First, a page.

Zero Waste

Zero Waste

I recently came across the term “Zero Waste” whilst scrolling through Pinterest one night. It’s a simple idea at heart – do whatever you can to reduce the rubbish you personally are responsible for sending through to landfills – sounds easy, doesn’t it?

Whilst as a family we’ve been recycling for years with paper and card in the blue bin, plastic and glass in the black one, food and garden waste in the brown bin and a small green bin for landfill waste, as a society I think most people would agree that we are a very wasteful one, so used to disposing of anything no longer of any use to us, without much thought as to environmental impact.

The good news is that society’s views do seem to be changing albeit slowly. I remember finding out about our local authority implementing changes in rubbish disposal and recycling a decade ago and thinking it was great. I also remember hearing a lot of people complaining about not having the time to do it, as well as prophecies that the streets would be overflowing with rubbish and rats would be everywhere. Fast-forward 10 years and I doubt many of those same people think twice now when organising their waste as it’s now second-nature, well-ran generally and completely free to do.

Another recent edition to our changing views in society on the topic would be ridding our supermarkets and shops of plastic bags. Again a simple but effective idea that we can all do relatively easily and cheaply. This initiative started in the UK on 5 October 2015 and whilst for our first few shopping trips we would frequently forget to bring the bags at all, or leave them in the car, it didn’t take long for it again to be second-nature to think before leaving the house whether it was worth bringing a bag “just in case!”

For someone like me, just starting off on my zero waste adventure, it’s little changes like these which I intend to start with. The obvious one that many of us already do would be to replace single-plastic use water bottles/cups with reusable and environmentally-friendly glass or stainless steel alternatives. Similarly, investing in a reusable coffee cup is another straightforward example.

Another good place to start is asking yourself before binning, or even recycling, whether or not the item could be re-used by you or someone else. I did this in the last fortnight with an empty glass coffee jar that I’ve given a new lease of life to by filling it with dried raspberry leaves picked from my garden to make raspberry leaf tea with. Before hearing about “zero waste”, I would have probably recycled the coffee jar and then without thinking ordered some mason jars from Amazon for my tea – what a waste! When you think of the carbon footprint those sort of mindless acts cause – even just the petrol delivering the item to my door – when all the time I already had the perfect jar sitting in my kitchen, it’s very humbling to me.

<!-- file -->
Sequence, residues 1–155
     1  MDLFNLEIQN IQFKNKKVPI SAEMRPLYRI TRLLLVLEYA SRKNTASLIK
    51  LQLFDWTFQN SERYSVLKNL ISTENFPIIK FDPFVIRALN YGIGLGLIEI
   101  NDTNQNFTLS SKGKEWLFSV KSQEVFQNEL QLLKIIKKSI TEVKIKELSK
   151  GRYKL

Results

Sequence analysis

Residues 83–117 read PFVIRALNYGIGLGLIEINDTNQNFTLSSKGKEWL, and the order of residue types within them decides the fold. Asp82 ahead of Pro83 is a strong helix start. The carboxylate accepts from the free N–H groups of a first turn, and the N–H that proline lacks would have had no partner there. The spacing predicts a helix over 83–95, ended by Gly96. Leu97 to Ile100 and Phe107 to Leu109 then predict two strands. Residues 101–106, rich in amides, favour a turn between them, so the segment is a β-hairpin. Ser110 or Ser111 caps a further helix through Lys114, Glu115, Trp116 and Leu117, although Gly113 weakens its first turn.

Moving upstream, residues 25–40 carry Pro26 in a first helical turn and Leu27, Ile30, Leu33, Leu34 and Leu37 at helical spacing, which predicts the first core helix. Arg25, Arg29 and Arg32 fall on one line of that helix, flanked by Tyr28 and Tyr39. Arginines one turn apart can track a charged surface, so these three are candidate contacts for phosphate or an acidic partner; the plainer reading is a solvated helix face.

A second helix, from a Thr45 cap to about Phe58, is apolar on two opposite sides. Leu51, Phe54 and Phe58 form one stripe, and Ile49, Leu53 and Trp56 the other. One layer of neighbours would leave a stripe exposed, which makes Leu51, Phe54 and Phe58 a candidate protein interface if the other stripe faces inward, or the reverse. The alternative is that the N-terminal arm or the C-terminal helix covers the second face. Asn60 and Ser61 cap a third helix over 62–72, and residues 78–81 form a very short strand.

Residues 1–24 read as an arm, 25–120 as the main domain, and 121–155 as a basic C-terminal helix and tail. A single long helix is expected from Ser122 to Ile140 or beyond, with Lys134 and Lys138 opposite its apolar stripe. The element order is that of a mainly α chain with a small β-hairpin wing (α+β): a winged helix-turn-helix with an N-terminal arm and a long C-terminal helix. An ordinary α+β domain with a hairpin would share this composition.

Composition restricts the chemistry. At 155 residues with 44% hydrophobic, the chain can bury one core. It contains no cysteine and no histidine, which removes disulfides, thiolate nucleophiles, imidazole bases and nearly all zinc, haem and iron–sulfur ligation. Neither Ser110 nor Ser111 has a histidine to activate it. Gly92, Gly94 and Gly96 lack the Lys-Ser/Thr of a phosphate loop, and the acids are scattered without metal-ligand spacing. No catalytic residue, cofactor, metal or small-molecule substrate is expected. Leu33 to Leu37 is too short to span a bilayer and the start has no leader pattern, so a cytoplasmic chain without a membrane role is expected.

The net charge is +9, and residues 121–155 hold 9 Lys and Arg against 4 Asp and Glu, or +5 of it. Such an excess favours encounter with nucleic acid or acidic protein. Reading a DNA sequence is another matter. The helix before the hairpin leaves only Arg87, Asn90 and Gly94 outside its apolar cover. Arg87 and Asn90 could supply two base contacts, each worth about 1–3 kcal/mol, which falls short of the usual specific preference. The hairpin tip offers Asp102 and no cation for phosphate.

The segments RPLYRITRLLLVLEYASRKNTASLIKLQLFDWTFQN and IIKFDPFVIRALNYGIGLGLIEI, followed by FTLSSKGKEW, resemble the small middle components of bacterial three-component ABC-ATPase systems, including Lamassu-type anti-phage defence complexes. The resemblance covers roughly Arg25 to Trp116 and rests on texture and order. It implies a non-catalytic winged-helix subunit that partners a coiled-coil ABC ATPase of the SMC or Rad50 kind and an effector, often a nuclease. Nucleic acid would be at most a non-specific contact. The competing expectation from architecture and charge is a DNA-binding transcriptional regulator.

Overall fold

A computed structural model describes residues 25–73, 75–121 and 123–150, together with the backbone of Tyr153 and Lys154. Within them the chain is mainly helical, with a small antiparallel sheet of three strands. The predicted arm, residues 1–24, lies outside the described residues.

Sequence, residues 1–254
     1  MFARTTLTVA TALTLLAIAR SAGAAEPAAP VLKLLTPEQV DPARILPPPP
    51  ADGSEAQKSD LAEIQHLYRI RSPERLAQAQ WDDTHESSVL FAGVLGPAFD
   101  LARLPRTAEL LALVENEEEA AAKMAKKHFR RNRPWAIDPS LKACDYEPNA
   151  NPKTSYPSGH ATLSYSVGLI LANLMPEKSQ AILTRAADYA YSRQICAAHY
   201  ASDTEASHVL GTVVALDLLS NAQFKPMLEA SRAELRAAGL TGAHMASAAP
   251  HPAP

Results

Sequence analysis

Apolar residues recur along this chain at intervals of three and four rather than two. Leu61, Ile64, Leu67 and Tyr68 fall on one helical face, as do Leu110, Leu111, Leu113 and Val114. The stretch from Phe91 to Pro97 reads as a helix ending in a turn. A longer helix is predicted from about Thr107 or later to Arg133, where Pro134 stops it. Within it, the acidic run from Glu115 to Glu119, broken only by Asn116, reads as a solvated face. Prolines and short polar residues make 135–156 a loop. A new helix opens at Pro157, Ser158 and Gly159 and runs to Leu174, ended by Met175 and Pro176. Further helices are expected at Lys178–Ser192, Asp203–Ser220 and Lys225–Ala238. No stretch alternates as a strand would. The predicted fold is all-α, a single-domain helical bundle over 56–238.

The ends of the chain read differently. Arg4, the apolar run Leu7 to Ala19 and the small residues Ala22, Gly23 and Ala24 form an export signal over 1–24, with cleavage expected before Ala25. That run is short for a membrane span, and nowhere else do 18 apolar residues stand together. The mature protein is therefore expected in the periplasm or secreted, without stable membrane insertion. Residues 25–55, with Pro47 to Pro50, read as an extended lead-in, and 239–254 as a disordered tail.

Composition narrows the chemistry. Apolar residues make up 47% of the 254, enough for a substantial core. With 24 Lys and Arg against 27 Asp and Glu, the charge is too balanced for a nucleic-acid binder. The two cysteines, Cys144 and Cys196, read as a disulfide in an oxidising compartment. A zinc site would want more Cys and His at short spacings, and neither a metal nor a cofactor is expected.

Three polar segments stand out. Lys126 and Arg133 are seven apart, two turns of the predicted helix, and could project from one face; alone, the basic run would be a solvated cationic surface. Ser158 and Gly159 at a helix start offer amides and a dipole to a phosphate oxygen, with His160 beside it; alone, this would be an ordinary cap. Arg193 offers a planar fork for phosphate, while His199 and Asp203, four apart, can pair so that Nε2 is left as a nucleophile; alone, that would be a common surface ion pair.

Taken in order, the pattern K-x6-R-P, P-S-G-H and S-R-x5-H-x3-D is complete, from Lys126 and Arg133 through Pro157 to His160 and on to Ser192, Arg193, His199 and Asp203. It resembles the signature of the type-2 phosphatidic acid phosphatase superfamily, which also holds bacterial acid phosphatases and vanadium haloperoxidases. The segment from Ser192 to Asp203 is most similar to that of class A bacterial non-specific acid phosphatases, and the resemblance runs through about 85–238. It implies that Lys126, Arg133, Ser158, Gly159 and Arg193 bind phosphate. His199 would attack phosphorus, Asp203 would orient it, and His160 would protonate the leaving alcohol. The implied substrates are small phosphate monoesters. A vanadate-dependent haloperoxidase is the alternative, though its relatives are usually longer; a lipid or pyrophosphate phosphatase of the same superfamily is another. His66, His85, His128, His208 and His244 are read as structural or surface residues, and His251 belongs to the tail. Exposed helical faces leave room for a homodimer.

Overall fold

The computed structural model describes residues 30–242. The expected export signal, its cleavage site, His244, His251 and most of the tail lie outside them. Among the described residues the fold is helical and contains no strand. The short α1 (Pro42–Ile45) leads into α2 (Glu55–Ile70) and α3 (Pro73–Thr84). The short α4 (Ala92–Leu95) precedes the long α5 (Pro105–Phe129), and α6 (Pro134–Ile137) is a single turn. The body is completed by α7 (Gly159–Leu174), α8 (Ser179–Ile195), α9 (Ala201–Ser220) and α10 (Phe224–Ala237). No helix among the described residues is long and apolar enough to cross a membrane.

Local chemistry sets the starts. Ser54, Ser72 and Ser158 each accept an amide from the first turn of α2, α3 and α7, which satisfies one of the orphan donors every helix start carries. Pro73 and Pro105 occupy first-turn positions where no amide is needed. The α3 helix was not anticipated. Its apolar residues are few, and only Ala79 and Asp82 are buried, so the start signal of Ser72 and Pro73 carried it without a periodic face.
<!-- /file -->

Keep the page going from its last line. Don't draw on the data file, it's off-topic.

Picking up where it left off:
The other area where we can make more mindful choices would be when we are out purchasing new items. Supermarkets and sellers are becoming more aware as they wake up to the fact that having so much unnecessary packaging is becoming a concerning issue for many of us. As consumers we can become more mindful by just thinking whether or not we need an item before buying and if so whether there is a better, greener alternative available instead. This could mean buying more durable, longer-lasting products instead of cheap, disposable plastic goods or opting for the bread wrapped in recyclable packaging instead of non-recyclable or buying second-hand from a charity shop (using your reusable shopping bag!) or a social media site instead of buying new.

I am right at the start of my zero-waste journey and know that there is so much more that I could do to improve in this area. The trick for me is to implement just a couple of smaller changes at a time and work my way up to bigger changes that will make more of an impact.

If there was one thing that you could change today to start your journey to zero waste what would it be?

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